John Ransom
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The Balanced Budget Amendment that was agreed to be presented to Congress as part of the debt ceiling deal late last summer failed of passage in the House gaining 261 votes in favor with 165 opposed. The vote fell 23 votes short of the two-thirds requirement under the constitution to pass out of the House.

“The vote Friday ran largely along party lines,” reports the CS Monitor, “with 261 supporters including 25 Democrats and all but four Republicans.”

From the National Journal:

But it faced a steep, uphill climb to get to the two-thirds votes needed to pass. Republicans depicted the amendment as a way to force Congress to live within its means by ensuring total federal spending each year does not exceed total revenues. (Its limitations could be waived in the event of war.) Democratic leaders actively opposed it, arguing it could lead to sharp cuts in domestic spending based on House Republican budget priorities.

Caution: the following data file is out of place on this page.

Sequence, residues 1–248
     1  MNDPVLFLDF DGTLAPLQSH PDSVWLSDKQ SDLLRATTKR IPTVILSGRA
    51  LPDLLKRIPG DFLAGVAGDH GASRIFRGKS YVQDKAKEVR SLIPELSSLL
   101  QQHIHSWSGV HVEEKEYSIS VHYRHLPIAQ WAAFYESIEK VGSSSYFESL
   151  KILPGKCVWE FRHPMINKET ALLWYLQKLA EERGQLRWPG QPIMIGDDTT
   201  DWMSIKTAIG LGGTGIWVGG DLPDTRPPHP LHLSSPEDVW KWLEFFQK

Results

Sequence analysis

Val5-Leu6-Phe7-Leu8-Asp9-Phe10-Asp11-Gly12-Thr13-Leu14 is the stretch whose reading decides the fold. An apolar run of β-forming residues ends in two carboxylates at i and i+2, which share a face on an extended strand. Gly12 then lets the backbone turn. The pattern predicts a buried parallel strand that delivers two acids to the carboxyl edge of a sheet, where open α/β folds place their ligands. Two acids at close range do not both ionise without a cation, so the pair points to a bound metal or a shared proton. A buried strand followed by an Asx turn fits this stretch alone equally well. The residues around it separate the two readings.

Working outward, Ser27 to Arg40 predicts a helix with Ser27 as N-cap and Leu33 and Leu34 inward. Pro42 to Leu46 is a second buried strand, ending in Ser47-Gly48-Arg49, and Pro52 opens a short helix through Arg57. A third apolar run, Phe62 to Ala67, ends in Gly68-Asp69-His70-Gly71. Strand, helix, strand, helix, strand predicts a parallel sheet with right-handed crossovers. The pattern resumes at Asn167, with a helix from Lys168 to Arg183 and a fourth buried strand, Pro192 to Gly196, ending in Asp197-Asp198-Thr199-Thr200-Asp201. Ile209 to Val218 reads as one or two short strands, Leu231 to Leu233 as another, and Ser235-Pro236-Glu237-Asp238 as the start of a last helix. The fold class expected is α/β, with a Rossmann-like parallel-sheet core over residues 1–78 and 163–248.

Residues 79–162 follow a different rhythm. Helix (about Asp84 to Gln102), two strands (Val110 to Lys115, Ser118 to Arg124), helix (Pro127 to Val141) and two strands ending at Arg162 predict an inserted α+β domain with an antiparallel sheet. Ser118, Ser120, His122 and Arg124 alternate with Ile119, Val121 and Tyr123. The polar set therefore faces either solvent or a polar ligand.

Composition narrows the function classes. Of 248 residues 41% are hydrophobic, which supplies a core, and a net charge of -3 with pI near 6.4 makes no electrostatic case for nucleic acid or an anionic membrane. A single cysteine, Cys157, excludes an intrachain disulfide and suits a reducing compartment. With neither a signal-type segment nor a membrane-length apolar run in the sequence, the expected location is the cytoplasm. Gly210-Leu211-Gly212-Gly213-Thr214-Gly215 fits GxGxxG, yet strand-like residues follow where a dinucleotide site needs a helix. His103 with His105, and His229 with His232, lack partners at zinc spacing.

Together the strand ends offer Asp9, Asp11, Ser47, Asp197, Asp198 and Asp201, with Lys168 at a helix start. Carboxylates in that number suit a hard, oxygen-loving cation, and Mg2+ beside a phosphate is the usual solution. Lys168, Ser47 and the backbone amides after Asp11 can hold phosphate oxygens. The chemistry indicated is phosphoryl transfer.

But in my opinion, the vote shows that at least in the House the BBA is alive and kicking.

Expect the issue to be a major one during the 2012 election cycle in the presidential race, US Senate races and House races.

If no one else will bring it up, I’ll probably mention it daily.

Because it’s clear that federal system needs the type of restraint that a balanced budget amendment can provide.

But others think that the vote today was one of those “I voted for the BBA before I voted against the BBA” moments that just serve to provide political cover for not doing anything.

Our friend, Tina Korbe, over at Hot Air observes:

Today’s vote is troubling for another reason, too. This gives politicians the opportunity to curry unwarranted favor with the many Americans who support a balanced budget amendment. Today provides cover to both Republicans who promised to take action on a BBA and to Blue Dog Democrats, who most assuredly would have voted against a BBA with caps and a supermajority requirement. Now, all 261 representatives who voted in favor of the BBA can say, “Don’t blame us for the deficit and debt. We voted in favor of a balanced budget amendment.”  

And indeed, as Korbe points, even budget stalwart Paul Ryan voted against the amendment because it didn’t cap spending. Ryan saw it as an opportunity to increase taxes and spending.

I’m more optimistic.

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John Ransom

John Ransom is the Finance Editor for Townhall Finance.